Tuesday, September 23, 2014


Some records of the 1800s state that some American and British whalers were not too technical about observing freedom of choice when it came to employment.

Whaling ships often had deserters. Other crew men died on the voyage. Whatever the reason, whaling ships were often in need of new, able hands, and any young man hanging around the docks was fair game for some captains.

In 1899, one John Sablan (he would have been named Juan, but renamed John when he became a crew member on an American ship), from Guam, claims that he was simply working on a whaling ship while it was anchored off Guam.  He was probably doing light maintenance work or repairs, or perhaps even just loading things on or off.

Well, according to Sablan, before you know it, the ship had lifted anchor and set sail; the island of Guam, with all his family, growing smaller and smaller on the horizon. Sablan protested to the ship's captain, all to no avail.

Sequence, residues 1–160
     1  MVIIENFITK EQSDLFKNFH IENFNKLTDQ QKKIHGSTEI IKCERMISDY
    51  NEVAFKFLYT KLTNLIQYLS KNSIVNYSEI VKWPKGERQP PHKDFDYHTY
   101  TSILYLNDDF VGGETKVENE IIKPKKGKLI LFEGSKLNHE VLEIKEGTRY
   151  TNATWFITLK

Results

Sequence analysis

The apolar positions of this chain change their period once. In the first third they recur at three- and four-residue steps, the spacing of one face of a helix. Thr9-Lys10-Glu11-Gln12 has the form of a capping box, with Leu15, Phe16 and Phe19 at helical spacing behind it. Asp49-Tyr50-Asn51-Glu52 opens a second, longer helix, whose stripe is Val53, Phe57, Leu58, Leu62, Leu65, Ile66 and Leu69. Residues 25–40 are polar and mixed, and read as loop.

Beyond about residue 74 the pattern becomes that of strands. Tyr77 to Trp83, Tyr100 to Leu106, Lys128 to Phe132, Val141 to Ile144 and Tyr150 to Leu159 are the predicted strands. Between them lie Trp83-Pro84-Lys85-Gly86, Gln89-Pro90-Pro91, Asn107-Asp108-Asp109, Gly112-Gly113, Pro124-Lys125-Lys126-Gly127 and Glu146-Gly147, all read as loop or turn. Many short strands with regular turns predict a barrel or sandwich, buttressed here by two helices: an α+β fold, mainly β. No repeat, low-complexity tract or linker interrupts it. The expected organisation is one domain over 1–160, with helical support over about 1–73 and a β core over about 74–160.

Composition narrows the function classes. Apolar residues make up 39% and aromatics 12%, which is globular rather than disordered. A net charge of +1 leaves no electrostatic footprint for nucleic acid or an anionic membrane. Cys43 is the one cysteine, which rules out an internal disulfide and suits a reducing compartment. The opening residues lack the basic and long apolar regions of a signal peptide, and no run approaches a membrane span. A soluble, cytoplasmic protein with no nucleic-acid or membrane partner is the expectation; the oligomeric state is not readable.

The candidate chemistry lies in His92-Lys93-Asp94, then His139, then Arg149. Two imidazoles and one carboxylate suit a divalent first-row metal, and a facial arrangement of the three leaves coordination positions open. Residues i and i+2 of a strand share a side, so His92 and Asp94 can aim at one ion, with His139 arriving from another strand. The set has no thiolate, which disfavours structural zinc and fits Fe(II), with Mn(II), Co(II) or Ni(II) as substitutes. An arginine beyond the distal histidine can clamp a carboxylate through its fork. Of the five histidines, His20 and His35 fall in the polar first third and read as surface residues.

In time, he was "dumped" at San Francisco, California. Perhaps the captain regretted selecting this one individual to kidnap.

Sablan was not a man easily abused. He got himself a lawyer in San Francisco and filed suit in U.S. District Court against W.T. Storey, master of the whaling ship, the Andrew Hicks.  Sablan was hoping to get $5,000 in damages. Quite a sum.

Did Sablan win his $5,000? Did he stay and die in California?

Still trying to find out.


  1. $5,000 was a fortune back then huh? Wonder if he ever made it home. Poor guy.

    1. According to one site that calculates this stuff, $5000 in 1899 is worth $142,857 in today's values.